Why electricity bills are a big turn-off



Summer time and the livin’ is easy, sang Ella Fitzgerald. It should be easier shouldn’t it with salad days and warm weather, correction, warm wet weather? But if anyone is hoping for an imminent reduction in those distressingly high electricity bills which have done more than their fair share to contribute to the Cost-of-Living crisis, it seems they are hoping in vain.

Add together a couple of factors: the price of wholesale electricity came down by a third last month, gas prices, which contribute to the cost of electricity, have stabilised from the all-time high caused by Putin’s war on Ukraine, plus we generally use less energy in summer and our bills should be dropping.

The European Commission has declared that last year’s energy crisis is over, yet Irish providers are still charging around double the pre-war prices.

Why? You may well ask. It’s easy to imagine a scenario where a company uses the common practice of hedging – buying commodities in advance as a protection against ups and downs in price. Those responsible miscalculate how long high wholesale prices are going to last, pay over the odds and, as a result, their customers end up paying more.

In a normal business those who made the mistake would be shown the door and customers faced with inflated bills would go elsewhere. But when it comes to electricity providers, they not only continue issuing high bills but the Government step in to take the pain out of paying for an essential service and fork out €2bn. of taxpayers’ money in energy credits over the winter months. Nice one if you can get away with it!

It would help to know when energy companies are going to pass on the drop in prices to their customers and if they are profiting excessively at consumers’ expense.

The Government, who want to put together a cost of living package ahead of the autumn Budget, can’t get a straight answer from providers. For one thing the companies don’t have to give information due to commercial sensitivity and price signalling rules. For another, electricity providers can use their hedging system and the complexities of the electricity market as a smokescreen.

In theory hedging should help consumers. Providers buy electricity on the wholesale market at a certain price over a period, typically a year to 20 months. The wholesale price may go higher or lower but companies even out the price to consumers.  While this may protect customers from price hikes like the period last year when they went up to 10 times the normal level, it also takes a while for reductions to reach customers because higher prices take time to work through the market.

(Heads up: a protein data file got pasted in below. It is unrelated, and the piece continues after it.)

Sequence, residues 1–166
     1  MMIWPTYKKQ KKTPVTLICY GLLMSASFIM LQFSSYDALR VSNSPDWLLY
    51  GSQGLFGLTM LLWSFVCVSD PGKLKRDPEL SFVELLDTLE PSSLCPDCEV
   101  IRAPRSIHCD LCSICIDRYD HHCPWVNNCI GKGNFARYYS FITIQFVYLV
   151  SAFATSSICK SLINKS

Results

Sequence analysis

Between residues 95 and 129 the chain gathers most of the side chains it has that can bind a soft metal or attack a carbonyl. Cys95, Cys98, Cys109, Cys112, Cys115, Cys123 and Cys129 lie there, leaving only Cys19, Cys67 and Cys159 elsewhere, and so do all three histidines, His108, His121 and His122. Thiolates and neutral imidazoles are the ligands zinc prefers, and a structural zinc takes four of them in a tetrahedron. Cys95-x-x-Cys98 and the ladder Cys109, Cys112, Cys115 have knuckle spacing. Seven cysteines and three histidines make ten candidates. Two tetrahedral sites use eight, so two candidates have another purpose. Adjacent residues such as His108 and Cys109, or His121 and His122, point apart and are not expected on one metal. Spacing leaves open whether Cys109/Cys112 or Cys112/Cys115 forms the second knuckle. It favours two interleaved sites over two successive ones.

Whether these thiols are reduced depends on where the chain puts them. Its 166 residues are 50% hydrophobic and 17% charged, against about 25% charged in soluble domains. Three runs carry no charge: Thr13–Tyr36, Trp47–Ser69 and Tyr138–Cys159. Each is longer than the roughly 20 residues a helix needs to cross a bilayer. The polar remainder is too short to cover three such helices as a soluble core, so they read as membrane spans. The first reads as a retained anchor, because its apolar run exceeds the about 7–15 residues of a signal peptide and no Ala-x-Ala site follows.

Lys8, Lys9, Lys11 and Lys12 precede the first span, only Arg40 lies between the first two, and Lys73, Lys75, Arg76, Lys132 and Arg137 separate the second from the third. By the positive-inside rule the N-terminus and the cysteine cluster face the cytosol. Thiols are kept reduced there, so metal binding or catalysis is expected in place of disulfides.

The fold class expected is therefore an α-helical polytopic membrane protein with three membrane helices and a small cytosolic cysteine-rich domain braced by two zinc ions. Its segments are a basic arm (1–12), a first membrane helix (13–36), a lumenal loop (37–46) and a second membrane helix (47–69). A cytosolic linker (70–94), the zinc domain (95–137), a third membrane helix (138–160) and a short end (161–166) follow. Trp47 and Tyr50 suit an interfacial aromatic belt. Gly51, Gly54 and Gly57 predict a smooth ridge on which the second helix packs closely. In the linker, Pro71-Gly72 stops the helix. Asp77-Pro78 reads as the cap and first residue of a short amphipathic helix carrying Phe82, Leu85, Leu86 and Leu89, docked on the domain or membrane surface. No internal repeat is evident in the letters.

“There isn’t that direct a link between wholesale prices and the price to the consumer,” says Daragh Cassidy, head of communications at Bonkers,  the free service which helps consumers to compare and save on household bills by switching  providers. He points out that for the first six months of this year wholesale prices were still 200pc higher than normal.

It’s cold comfort to know that we are paying a lot more for electricity than other Europeans. Currently we pay 40-45 cents per kilowatt hour compared to 34 in the UK. Reasons for this range from our lack of resources such as gas and oil, to inefficiencies.

Meantime, there are some remedies for the situation.  Energy windfall legislation will enable the Government to claw back profits in the sector, introducing a solidarity contribution on windfall gains made in 2022 and 2023 by the fossil fuel production and refining sector as a result of the war in Ukraine. Expected to raise €200 million to €450 million funds may be used for energy credits for households and businesses and for investment in areas such as renewable energy.

It may be worth householders’ while to switch providers too. “Some of the discounts available may not be as big as they were, but you can still get a discount of 10%,” says Daragh Cassidy, suggesting that energy credits should also apply to gas.

There are options for cutting down on electricity usage, with the Sustainable Energy Authority having lots of sensible tips. Currently I have switched to a singing kettle instead of an electric one – thank heavens I can cook on bottled gas. I have stopped using my hairdryer and I daren’t use my electric oven.

Pity, I like baking. It will be cold showers next.

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